Lamborghini Unveils Its V12 Hybrid Revuelto

Lamborghini is replacing the Aventador with a 1,000-horsepower hybrid-electric beast.

Dan Carney, Senior Editor

March 31, 2023

4 Min Read
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2023 Lamborghini RevueltoLamborghini

After previewing the car’s incredible hybrid-electric powertrain technology that we described in a previous article, we share that Lamborghini has finally released the details on its replacement for its Aventador V12 flagship model. This includes not only the car’s new styling but also finally, its name: Revuelto.

This is the name of an 1880s Spanish fighting bull and it translates to mean “mixed up,” which Lamborghini thought is a fitting reference to the mixing of combustion and electric power in this model.

Just as we’re seeing battery-electric EVs streamlining their bodywork to save every watt of energy, so the Revuelto has also been optimized for reduced drag despite the brawn of its drivetrain. The company describes the car’s lines as being inspired by aerospace machines whose management of airflow is crucial. While the Revuelto’s two-line styling arcs from the car’s nose, over the roof, and tapers back to the hexagonal exhaust tips in a bid to minimize drag, the roofline provides an inch more headroom for occupants than in the Aventador.

This is because the increasing capability of Lamborghini’s cars has led to a corresponding interest in taking them to track days where they can be exercised safely. In the Aventador, that meant that wearing a helmet could be a challenge for taller drivers, so the Revuelto provides more space for helmet-clad drivers.

A key design feature in the Revuelto’s design is the complete exposure of its centerpiece V12 combustion engine, which is left uncovered rather than hidden by bodywork or even showcased beneath a window. What looks like a crinkle-finish intake plenum is actually a plastic cover on the engine, so there is a cover on the exposed engine.

Careful aerodynamic optimization has produced a design that creates 33 percent more front downforce and 74 percent more rear downforce than the Aventador. Front airflow is managed by a splitter that has a radial leading edge in its center section, while the outer edges are slanted to produce downforce and to generate vortices that steer airflow away from the drag-heavy front wheels and tires.

The rear employs an active wing that stows in a low-drag position while driving the Revuelto’s six miles of electric-only driving range or when attempting to reach the car’s top speed of more than 219 mph. The high-downforce position is used when cornering grip is needed. The wing is abetted by a diffuser beneath the rear of the car which has a steeper ramp for increased downforce. This is made possible by the drivetrain reconfiguration which includes using a transverse gearbox that is less of an obstruction to the diffuser.

The new carbon fiber chassis also adds 3.3 inches of legroom for the occupants. This is a challenge for mid-engine cars, which tend to have the front wheel wells intruding into the cabin’s footwell so that added space will be a welcome improvement.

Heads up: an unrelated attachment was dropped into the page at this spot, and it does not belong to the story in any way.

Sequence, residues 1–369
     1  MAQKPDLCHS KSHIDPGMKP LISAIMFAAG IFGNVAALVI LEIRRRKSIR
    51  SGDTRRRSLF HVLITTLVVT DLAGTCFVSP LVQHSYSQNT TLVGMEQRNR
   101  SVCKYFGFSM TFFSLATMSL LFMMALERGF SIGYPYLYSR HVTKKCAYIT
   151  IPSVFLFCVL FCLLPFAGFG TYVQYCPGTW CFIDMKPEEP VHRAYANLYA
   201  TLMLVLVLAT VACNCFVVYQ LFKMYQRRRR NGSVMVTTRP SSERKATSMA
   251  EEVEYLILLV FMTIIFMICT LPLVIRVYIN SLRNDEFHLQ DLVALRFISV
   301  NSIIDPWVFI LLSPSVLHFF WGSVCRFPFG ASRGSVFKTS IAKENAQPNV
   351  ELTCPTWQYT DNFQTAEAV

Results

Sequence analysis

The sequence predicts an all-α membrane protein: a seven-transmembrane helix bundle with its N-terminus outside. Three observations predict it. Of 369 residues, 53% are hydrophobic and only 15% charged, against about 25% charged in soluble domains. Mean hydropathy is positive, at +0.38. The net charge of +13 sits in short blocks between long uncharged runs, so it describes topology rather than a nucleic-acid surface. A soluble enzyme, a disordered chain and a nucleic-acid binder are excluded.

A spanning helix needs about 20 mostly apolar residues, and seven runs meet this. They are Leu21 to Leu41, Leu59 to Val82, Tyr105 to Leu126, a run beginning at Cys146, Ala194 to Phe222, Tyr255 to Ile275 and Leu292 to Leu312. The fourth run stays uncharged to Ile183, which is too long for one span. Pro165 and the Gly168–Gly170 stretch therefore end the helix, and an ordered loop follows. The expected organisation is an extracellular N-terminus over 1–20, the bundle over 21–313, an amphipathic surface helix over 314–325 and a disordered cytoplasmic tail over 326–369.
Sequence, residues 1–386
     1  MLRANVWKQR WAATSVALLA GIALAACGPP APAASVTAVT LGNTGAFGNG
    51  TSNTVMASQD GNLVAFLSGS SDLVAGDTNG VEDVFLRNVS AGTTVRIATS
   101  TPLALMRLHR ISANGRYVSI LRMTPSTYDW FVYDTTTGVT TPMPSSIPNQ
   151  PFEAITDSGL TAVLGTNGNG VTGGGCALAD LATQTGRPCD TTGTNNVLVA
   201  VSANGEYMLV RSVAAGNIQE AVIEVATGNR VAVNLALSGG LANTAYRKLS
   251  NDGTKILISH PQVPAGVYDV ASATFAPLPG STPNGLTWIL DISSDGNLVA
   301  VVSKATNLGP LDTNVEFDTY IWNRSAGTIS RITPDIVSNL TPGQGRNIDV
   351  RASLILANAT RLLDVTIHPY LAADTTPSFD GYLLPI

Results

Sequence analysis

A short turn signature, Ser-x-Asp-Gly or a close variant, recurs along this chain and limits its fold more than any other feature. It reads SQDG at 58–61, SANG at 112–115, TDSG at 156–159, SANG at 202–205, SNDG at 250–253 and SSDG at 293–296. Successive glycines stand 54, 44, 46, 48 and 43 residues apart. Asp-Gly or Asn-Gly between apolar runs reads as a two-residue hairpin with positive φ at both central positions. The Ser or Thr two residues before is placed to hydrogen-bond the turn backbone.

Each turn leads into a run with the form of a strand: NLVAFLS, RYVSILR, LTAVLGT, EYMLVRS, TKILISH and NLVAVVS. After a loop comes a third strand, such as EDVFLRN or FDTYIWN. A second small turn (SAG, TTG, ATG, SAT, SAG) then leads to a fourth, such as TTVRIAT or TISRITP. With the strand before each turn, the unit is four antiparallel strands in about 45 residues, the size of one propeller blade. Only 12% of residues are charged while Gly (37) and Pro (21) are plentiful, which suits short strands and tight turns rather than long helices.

Revuelto features a carbon fiber front crash absorption structure in place of the Aventador’s aluminum front structure, which trims 20 percent of the weight. The overall carbon fiber chassis structure, which Lamborghini terms a “monofuselage,” is 10 percent lighter than the Aventador’s and is 25 percent stiffer.

Lamborghini Revuelto carbon fiber monofueselage

Behind the cockpit, the Revuelto employs a bolt-on aluminum subframe structure that mounts the drivetrain and rear suspension components. This section is built on a pair of hollow castings that attach the rear suspension and engine mounts, with aluminum tubes connecting them to each other and the carbon fiber monofueselage.

While we covered the hardware of the Revuelto’s innovative all-wheel-drive hybrid-electric drivetrain, with its V12 and electric motor powering the rear wheels and dual oil-cooled axial-flux electric motors driving the fronts, there are more details available now on the system’s functions. Lamborghini offers three drive modes: Recharge, Hybrid, and Performance. These systems work in tandem with the chassis control modes: City, Strada, Sport, and Corsa. The matrix of combinations produces 13 distinct driving styles.

Lamborghini Revuelto profile

The Revuelto rolls on run-flat tires customized for the car by Bridgestone. They are Ponteza Sports in 265/35-ZR20 at the front and 345/30-ZRF21 at the rear. Bridgestone has even developed Blizzak winter tires for the Revuelto, so owners can plan for ski trips with their Lamborghini.

That might be a time when having a comprehensive Advanced Driver Assistance System (ADAS) would be beneficial. So while Lamborghini has eschewed this technology previously, the Revuelto marks the brand’s first application of a complete system. It uses cameras, radars, and ultrasonic sensors to see the world around the car and provides adaptive cruise control, lane departure warning, rear cross-traffic alert, and automatically adaptive headlights.

Our next duty will be to put all this technology to the test and report Lamborghini’s success in moving into the [slightly] electrified age.


About the Author(s)

Dan Carney

Senior Editor, Design News

Dan’s coverage of the auto industry over three decades has taken him to the racetracks, automotive engineering centers, vehicle simulators, wind tunnels, and crash-test labs of the world.

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